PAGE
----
All of which is what is going through my mind as I sit, building up the courage to start my 2 decades long journey of musical discovery.  An hour or a week listening to music I wouldn’t have otherwise.  Seems like the whole point of the excercise in hindsight.

Starting with ABBA?

Maybe Steven Tyler was right.  “Just press play . . .”

Let’s give them their due as trailblazers.  Without ABBA, it is doubtful we have such ESL acts as A-ha and Roxette, who I enjoy in a fun, throwaway pop way.  Which is, I guess the way I’ve always heard ABBA – in passing, on the radio.  What happens when I listen with a musician’s ear, view with a scholar’s eye?  I close my eyes and try to do just that.

But it turns out that it is just impossible not to sing along!  Even if the lyrics are often essentially meaningless – a case for the universality of the language of music? – you know you remember every word.

And there’s more.  When actually paying attention, the a capella harmonies that open “Take A Chance”, for example,  are . . . genius?  That is the word I land on when a band like Queen produce a similar effect.

These melodies are simple, sweeping and ludicrously infectious, the harmonies tight and sweet.  If the lyrics are  for the most part trite they are also beyond catchy.

The biggest complaint I find is that there’s no heat, no passion captured in the delivery – it’s all so clean and safe.  Which is probably one reason for the huge sales and massive following, yet I wonder whether these well crafted songs could soar with a more accomplished delivery.  Has anyone “good” ever covered “Super Trouper”?  What would Paige and Dickson have done with “Money”?

But still, an unexpected smile splits my face each time “The Winner Takes It All” kicks up a gear.  And the nostalgic sense memory that comes with the sax riffs in “Waterloo” has a power that I feel bodily.  There are reasons that these thoroughly 70s  singles still resonate, that this collection of Greatest Hits still sells.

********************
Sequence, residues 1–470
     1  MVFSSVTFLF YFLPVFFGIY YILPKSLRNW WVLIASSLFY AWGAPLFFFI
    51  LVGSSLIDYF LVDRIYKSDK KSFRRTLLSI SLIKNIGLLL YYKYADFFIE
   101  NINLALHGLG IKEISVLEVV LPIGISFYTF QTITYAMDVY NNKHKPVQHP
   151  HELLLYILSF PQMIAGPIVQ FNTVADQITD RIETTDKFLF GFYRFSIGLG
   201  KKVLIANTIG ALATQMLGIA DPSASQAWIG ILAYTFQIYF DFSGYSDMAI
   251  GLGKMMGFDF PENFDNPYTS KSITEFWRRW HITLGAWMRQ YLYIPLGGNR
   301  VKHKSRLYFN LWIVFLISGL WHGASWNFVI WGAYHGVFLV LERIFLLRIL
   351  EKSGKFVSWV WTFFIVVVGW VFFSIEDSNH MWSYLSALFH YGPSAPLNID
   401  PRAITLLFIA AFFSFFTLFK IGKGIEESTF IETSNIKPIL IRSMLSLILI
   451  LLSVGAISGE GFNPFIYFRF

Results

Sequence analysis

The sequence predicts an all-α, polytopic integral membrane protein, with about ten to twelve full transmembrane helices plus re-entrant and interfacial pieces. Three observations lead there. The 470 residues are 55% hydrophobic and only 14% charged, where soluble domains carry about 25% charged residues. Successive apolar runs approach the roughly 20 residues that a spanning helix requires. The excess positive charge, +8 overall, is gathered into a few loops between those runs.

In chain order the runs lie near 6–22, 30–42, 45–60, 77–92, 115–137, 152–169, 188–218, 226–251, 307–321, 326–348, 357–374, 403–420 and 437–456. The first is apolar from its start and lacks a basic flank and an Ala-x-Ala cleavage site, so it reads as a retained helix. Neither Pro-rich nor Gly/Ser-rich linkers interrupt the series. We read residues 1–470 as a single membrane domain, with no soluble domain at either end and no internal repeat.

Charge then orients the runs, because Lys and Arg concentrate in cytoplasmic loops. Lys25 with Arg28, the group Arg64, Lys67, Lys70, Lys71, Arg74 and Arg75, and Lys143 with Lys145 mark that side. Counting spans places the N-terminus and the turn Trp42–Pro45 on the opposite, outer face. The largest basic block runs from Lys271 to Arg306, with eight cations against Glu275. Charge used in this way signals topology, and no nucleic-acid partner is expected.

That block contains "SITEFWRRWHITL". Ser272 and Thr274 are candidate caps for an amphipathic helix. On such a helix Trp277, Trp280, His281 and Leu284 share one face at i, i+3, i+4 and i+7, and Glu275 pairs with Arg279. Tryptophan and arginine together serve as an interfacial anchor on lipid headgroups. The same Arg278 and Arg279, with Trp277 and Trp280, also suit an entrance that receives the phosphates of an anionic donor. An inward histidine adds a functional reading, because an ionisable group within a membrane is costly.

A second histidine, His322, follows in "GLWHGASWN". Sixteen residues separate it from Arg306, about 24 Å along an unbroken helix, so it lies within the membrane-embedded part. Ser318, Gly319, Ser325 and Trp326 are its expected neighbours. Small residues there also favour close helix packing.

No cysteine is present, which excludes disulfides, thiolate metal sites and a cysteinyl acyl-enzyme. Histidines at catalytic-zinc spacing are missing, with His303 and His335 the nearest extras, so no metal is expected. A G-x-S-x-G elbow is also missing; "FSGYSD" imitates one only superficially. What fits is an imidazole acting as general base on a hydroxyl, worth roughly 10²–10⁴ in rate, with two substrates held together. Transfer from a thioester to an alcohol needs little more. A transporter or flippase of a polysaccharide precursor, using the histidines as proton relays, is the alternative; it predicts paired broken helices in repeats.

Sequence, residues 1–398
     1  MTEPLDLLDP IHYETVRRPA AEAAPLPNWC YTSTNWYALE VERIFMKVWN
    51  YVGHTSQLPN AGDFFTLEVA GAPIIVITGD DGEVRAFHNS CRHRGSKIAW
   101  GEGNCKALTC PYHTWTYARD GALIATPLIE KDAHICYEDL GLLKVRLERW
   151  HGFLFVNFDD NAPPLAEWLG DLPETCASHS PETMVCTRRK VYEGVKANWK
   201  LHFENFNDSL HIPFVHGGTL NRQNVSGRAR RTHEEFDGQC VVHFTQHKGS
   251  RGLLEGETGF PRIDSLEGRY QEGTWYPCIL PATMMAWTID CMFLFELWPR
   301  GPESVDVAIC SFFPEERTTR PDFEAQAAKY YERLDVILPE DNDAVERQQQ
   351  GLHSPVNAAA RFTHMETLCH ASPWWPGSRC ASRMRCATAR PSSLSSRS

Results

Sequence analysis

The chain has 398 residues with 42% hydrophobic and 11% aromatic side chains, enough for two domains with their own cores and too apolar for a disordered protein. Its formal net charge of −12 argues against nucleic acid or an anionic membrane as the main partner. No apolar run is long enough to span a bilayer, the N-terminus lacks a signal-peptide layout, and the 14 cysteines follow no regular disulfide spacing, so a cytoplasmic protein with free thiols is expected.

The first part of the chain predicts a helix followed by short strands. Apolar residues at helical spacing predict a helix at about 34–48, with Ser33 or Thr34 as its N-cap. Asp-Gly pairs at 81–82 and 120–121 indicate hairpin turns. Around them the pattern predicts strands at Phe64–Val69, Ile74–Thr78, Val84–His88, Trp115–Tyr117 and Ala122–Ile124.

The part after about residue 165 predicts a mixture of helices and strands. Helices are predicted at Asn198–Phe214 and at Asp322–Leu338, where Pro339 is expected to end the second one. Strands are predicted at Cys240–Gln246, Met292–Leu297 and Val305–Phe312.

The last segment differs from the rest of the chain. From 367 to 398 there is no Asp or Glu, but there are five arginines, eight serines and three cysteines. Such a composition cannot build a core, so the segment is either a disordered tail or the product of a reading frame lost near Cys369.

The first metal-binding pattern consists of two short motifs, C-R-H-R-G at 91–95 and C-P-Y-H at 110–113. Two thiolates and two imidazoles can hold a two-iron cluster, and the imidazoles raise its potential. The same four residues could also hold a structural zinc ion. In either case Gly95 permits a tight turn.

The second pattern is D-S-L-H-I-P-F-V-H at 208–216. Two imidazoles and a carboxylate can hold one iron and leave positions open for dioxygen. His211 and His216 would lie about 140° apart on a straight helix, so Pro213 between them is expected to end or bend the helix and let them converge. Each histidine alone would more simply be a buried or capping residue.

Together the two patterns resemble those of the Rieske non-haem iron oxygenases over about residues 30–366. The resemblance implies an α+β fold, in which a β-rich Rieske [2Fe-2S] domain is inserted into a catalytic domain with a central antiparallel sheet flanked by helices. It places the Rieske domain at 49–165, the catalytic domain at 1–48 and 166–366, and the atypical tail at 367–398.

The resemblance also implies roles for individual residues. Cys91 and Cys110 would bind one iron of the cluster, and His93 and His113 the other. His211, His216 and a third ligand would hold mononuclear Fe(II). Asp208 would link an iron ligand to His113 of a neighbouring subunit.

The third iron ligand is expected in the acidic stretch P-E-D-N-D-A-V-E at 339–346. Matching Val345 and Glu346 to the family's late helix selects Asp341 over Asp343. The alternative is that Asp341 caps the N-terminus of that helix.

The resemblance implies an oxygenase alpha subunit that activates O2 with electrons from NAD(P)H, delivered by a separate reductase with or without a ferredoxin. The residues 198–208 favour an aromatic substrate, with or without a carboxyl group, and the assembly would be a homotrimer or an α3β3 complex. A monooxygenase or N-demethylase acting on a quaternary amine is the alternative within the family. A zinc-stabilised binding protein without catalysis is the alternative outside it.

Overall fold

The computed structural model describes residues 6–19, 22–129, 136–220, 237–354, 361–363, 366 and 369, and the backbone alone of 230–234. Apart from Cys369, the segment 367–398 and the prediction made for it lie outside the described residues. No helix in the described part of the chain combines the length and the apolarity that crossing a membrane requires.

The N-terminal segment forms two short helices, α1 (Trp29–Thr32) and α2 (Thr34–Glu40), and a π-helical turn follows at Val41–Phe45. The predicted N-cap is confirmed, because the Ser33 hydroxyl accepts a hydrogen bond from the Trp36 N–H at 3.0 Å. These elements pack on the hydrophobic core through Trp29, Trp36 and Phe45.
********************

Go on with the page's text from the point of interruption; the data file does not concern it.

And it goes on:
Speaking of “Waterloo” – the Eurovision Song Contest winner that started it all for ABBA – I’ve always been a fan of saxophone in pop / rock music – it adds a certain flair and fun whether it’s a blistering solo (RIP Clarence Clemons) or, as in this debut hit that closes the first of 1,000 recordings, merely a brush of color here and there.  There should be more sax in modern mainstream music . . .

Thank You for the Music

Thank You for the Music (Photo credit: Wikipedia)



“So I say thank you for the music /
The songs I’m singing /
Thanks for all the joy they’re bringing /
Who could live without it /
I ask in all honesty what would life be /
Without a song or a dance what are we?”



It’s not Sondheim, but I am happy to admit there are worse sentiments, and worse ways to spend my listening time.

Owned before blogging?  No  (0/1, 0%)
Heard before blogging?  Yes (1/1, 100%)
Recommend? A surprised Yes  (1/1, 100%)

I like statistics, so will be tracking a few of them as I make my way through the list.  If there is something else you might be interested in tracking along the way, please let me know, and I’ll see about adding it.


podcasts for the musically obsessed


Days in the life


My rants, outbursts and musings.

Every number one

Journey through all the songs that topped the charts

musicophilesblog - From Keith Jarrett to Johannes Brahms

Writing About and Reviewing Classical Music and Jazz

Leaves of Logan

Rants, reviews, rambles and a whole lot of books

Punk Rock Reviews

Reviewing Music

Team Distraction

Dicemasters Strategy

Good Music Speaks

A music blog written by Rich Brown

Kenza Moller

writing | editing | marketing

The Delinquent Diplomat

The Diplomacy Player's Blog Of Choice

Sampling Station

Tasty tunes, laughs, TV + film

The Immortal Jukebox

A Blog about Music and Popular Culture

%d bloggers like this: